Pope Francis Accepts Resignation of Ireland's Cardinal Sean Brady

Pope Francis has accepted the resignation of Cardinal Sean Brady, the Primate of All Ireland, less than a month after he turned 75, the official age of retirement for a bishop.

The Vatican gave no reason for the pope’s decision, but informed sources say it is directly linked to the cardinal’s role, some 40 years ago, in the mishandling of the case of the sexual abuse of teenagers by a priest, which has provoked controversy in Ireland with ongoing calls for his resignation.


The cardinal, who has been archbishop of Armagh since 1996, is succeed by Archbishop Eamon Martin, whom Benedict XVI appointed as his coadjutor in January 2013.

In the normal course of events the pope would allow a cardinal to remain as head of a major diocese for two or more years after the official age of retirement, as has happened in the cases of the archbishops of Madrid, Cologne, Chicago and more recently in the case of the bishop of Hong Kong.

In Cardinal Brady’s case, however, Pope Francis decided not to extend his term of office because of the controversy, which some would call scandal, surrounding the role he played in 1975 in dealing with the case of teenage boys who were sexually abused by Father Brendan Smyth, one of Ireland’s most notorious child abusers.

At that time, the young Father Brady was secretary to the Bishop of Kilmore and was asked to assist in as a representative of the church, in the role of notary in taking evidence from two teenage boys who were sexually abused by Fr. Smyth. Testimony was taken from one of the boys without the boy’s parents being present, and an oath of silence was imposed on both of them regarding their complaints. The priest was not removed from the ministry then, despite their evidence, and went on to abuse several other boys before he was arrested and sentenced in 1994 to twelve years in prison.

When news of the cardinal’s role in this case was made public in 2010, and was perceived as participation in a cover-up, there were many loud calls for his resignation. It seems he considered doing so and apologized for his failure, but after consulting various people including Vatican officials, he decided not to resign, and did so clearly with Rome’s backing.

Cardinal Brady is a humble, kind, low-profile churchman and prior to that event he enjoyed great moral authority and credibility in the country, also for his active role in supporting the peace process in Northern Ireland. But after the news of his involvement in the abuse case became public Brady’s moral authority and credibility plummeted. He continued his ministry as archbishop of Armagh but he was a badly wounded leader. This all happened at a time of great crisis in the Irish Church as official government-authorized judicial investigations were published, which later led to an open attack on the Vatican by the Irish Prime Minister, Enda Kenny.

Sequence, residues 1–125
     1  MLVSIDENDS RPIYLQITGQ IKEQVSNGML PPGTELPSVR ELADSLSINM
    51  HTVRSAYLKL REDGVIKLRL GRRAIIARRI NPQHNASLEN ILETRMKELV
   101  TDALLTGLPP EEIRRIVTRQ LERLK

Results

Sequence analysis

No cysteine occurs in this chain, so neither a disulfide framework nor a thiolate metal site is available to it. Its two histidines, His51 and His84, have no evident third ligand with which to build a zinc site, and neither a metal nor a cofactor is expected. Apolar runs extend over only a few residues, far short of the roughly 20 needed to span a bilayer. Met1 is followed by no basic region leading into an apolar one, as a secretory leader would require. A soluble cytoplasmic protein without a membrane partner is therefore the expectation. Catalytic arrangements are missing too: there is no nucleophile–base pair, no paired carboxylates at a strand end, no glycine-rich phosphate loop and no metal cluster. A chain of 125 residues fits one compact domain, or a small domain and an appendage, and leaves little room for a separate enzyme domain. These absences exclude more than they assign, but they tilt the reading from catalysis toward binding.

The situation did not improve much for Brady in the following years, even though he was still personally liked by many people, there were still calls for his resignation. Then in January 2013, Benedict XVI gave him a coadjutor. It was clear then that his days as Archbishop of Armagh were numbered.

Last July, Pope Francis had private individual meetings in the Vatican with six survivors of sexual abuse by priests, two each from Germany, the UK and Ireland. When Marie Kane, one of the Irish survivors, met the pope she asked him to remove the cardinal from his position as archbishop of Armagh. Victims’ organizations supported her request. She welcomed today’s news.

From the beginning of his pontificate, Pope Francis had adopted a zero tolerance approach on the matter of the sexual abuse of children by priests. He has set up a Commission for the Protection of Minors, and recently defrocked the Holy See’s former nuncio to the Dominican Republic, Jozef Wesolowski, for the abuse of minors in that Latin American country.

At the same time, he has made clear that he is determined to hold bishops accountable for the way they deal with abuse cases. And even though Brady was a young priest, not a bishop, at the time when he was involved, in mishandling the above mentioned case, the fact remains that he has lost much of his moral authority as a bishop because of what he did then, and the pope is aware of that. By accepting his resignation, Pope Francis is also raising the bar for other bishops in the Catholic Church who may have likewise lost credibility for their mishandling of cases of the sexual abuse of minors by priests.

In a statement issued after the news of the acceptance of his resignation was made public in the Vatican and in Ireland, Cardinal Brady said: "I am pleased that Pope Francis has today accepted the resignation which I offered to him on the occasion of my 75th birthday.” He warmly congratulated his successor and wished him well. He intends to continue to assist as a pastor, wherever he is needed. He remains a cardinal.

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